In his bedroom he twiddled with some controls by the side of the bed and from the ceiling descended a television. Further adjustment on the control panel altered the angle of the set. Another button was pushed and he told me that his bath was now being run, and that he had chosen the degree of heat. He then asked me if I had left my car in his garage, and upon hearing that I had walked to his home, he adjusted another control which confirmed that only his Mini Cooper was parked there, and therefore his secretary was out in her car.

In his bathroom, across the doorway, he had stretched a bar from which he did his chin ups.

We finally settled in Stirling’s office and on a shelf behind his head, sat a model of a Maserati 250F. This was all I needed to get the conversation back to my favorite subject and I was fascinated to hear that this particular racing car was rated by him as perhaps the most enjoyable one that he had ever driven. Not over-powerful, but superbly precise and driveable; an Italian thoroughbred; glorious with its multi-riveted fuel and oil tanks; aggressive, yet graceful. What difficulty I had concentrating on my work that day, and when I left him, I was on cloud nine!

Some time after this I was back at Goodwood. Stirling had been entered in a metallic blue and white Ferrari 250 Scaglietti short wheel base Berlinetta by Messrs. R. Wilkins and R. R. C. Walker. This was the 25th Tourist Trophy Race and that day, in August 1960, was a memorable one for me, and many others

In between practice, I was able to sneak away from my timekeeping duties and examine closely the Ferrari. It was the most beautiful racing coupe I had ever seen, and the scream of its engine was pure animal.

There and then I determined that I, too, would own and race a lightweight competition Ferrari SWB Berlinetta, just like Stirling successfully did on that day. It took a long time, but I finally achieved that goal.

Two short years after that exciting race, I was again at Goodwood, the scene of Stirling’s first ever circuit success way back in 1948. It was Easter Sunday and driving a Lotus, he was well up in fourth place when, on the 9 th lap, a gear jammed. Stirling’s race number was missing from my lap chart for several minutes while his mechanics fought to free the box.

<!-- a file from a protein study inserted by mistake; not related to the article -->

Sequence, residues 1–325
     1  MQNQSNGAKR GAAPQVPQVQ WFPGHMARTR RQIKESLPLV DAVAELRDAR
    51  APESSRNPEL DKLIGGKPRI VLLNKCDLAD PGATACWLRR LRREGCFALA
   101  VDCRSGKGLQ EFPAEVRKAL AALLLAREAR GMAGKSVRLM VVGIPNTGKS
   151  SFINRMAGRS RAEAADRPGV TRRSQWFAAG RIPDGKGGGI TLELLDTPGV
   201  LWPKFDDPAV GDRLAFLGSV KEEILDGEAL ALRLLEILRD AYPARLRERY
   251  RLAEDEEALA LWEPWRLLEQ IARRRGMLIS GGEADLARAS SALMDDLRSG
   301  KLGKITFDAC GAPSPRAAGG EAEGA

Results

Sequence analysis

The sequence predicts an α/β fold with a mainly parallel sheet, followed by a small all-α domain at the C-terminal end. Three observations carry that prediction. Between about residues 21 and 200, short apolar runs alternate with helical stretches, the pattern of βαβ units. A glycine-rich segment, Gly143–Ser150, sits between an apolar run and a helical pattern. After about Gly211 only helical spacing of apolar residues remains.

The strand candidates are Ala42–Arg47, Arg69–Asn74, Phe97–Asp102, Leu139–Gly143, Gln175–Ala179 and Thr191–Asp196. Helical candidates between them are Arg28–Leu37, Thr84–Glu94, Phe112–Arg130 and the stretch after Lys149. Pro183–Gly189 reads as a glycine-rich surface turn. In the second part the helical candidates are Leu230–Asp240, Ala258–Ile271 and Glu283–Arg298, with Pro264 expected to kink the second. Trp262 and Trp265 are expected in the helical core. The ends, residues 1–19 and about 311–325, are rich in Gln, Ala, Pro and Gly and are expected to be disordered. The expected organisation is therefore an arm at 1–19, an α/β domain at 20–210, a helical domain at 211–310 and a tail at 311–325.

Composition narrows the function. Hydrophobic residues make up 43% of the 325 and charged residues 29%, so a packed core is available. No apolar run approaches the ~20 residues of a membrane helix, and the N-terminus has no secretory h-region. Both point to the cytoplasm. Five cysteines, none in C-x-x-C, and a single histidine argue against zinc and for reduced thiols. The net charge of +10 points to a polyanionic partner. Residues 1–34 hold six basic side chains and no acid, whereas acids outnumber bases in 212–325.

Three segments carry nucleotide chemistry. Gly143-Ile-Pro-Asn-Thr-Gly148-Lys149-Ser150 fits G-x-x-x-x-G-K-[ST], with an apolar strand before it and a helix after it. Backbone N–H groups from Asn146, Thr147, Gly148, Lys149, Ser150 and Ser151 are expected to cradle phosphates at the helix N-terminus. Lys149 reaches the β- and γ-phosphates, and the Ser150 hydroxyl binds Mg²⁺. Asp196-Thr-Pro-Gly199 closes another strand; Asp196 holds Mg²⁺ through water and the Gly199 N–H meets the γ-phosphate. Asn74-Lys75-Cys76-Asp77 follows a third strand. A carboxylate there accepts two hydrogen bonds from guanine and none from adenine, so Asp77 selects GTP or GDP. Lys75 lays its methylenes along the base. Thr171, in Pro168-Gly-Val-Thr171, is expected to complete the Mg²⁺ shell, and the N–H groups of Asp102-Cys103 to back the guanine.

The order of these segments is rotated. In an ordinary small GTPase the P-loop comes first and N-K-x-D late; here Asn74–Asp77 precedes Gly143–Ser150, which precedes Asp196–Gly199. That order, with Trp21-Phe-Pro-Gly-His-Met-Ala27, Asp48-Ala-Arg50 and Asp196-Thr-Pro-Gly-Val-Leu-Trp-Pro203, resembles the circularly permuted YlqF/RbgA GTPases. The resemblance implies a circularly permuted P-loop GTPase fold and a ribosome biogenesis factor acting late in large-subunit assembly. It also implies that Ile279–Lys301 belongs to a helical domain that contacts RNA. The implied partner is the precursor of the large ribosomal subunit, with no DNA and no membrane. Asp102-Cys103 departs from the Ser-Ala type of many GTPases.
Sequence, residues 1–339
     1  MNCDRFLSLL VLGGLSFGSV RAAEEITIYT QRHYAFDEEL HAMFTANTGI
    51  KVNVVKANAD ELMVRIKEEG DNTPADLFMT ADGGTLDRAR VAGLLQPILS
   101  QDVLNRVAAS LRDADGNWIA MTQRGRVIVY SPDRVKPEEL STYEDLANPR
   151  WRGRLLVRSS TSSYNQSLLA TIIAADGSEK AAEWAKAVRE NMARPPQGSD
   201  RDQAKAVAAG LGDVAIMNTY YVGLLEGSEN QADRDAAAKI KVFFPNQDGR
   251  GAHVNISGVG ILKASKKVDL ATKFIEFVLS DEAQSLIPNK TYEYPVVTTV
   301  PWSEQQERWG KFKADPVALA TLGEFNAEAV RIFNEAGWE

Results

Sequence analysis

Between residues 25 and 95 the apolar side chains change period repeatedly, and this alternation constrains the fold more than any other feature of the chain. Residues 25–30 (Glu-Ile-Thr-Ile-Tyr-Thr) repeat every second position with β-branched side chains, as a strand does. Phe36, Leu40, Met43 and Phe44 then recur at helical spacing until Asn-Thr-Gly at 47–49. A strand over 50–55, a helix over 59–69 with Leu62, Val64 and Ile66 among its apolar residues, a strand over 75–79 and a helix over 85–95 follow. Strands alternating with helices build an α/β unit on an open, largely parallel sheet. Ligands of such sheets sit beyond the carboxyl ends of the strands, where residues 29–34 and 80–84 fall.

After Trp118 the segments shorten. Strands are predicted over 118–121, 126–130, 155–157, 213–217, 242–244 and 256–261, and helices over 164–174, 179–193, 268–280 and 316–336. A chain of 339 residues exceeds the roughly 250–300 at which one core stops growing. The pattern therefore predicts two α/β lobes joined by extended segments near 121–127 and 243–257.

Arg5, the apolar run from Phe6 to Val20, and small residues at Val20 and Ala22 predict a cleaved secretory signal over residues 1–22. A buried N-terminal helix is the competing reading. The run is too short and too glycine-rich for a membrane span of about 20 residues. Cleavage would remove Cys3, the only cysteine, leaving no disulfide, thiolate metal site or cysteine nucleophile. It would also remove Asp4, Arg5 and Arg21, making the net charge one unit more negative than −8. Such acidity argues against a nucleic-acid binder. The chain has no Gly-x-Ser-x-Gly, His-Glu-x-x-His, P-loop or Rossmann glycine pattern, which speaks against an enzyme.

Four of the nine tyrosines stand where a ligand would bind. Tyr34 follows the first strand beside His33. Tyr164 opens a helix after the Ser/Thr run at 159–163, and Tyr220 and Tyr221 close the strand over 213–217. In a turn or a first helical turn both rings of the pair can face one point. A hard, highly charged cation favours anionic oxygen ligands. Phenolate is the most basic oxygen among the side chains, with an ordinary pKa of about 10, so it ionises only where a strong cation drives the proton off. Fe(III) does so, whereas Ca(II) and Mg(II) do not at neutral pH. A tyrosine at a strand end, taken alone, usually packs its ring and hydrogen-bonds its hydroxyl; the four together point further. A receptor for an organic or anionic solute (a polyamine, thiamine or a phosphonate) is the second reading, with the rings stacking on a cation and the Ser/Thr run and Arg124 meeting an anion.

A delay of only five seconds can, of course, ruin a driver’s chance of a place; let alone one of almost five minutes. Nevertheless, Stirling’s Lotus roared out again, now several laps behind Graham Hill.

Then I started to really sit up and tingle with anticipation, shaken, as Stirling began to drive like a man possessed. “New record,” one of my colleagues tersely muttered, as Moss quickly gained ground on Hill.

And then, without warning, it happened - through Fordwater into slow and tricky St. Mary’s, Moss’ Lotus failed to make the turn.

Sitting in my cramped quarters atop the pits, I felt my throat tighten as Goodwood’s accident officer , followed by a couple of his observer assistants, rushed in to collect the large tube cutters. I glanced inquiringly at Mr. Ebblewhite, the chief timekeeper - and it seemed as though our stop watches would drag to a halt; so fearful and oppressive had the atmosphere become. Nervously, I looked behind me towards St. Mary’s corner. Thankfully there was no pall of smoke, the most dreaded result of any motor racing accident. The St. Johns Ambulance Brigade were on the scene, together with the chief medical officer and some of my other friends who, like me, volunteered their time to work as course marshals, observers and so on, in order to taste and touch as intimately as possible their chosen sport.

But now as the news trickled in, it all seemed a little meaningless. “He is trapped in the cockpit;” “there are head injuries;” “legs look bad;” “one eye could be damaged.”

A friend, who was at St. Marys told me afterwards that while Stirling's car did slow somewhat, though not enough, it just went straight on into that very solid earth bank. Why did he not spin the car out of trouble, and more mystifying yet, why did he not decelerate correctly coming into the bend, as he had done hundreds of times before, in dozens of other races?

Like thousands of other motor racing friends, I refused to believe that Stirling Moss would not be back for more - after all, he had dumbfounded the medical profession before ... why not again? But finally, after many weeks, we all grudgingly accepted, with shocked reluctance, his announced retirement.

The media explained it in a variety of ways: “brain damage”; “a partial loss of sight,” “poor hand and foot coordination.” In reality, Moss, through intensive physical therapy and the sort of grit and determination that won him many an apparently hopeless race, had eventually overcome these handicaps.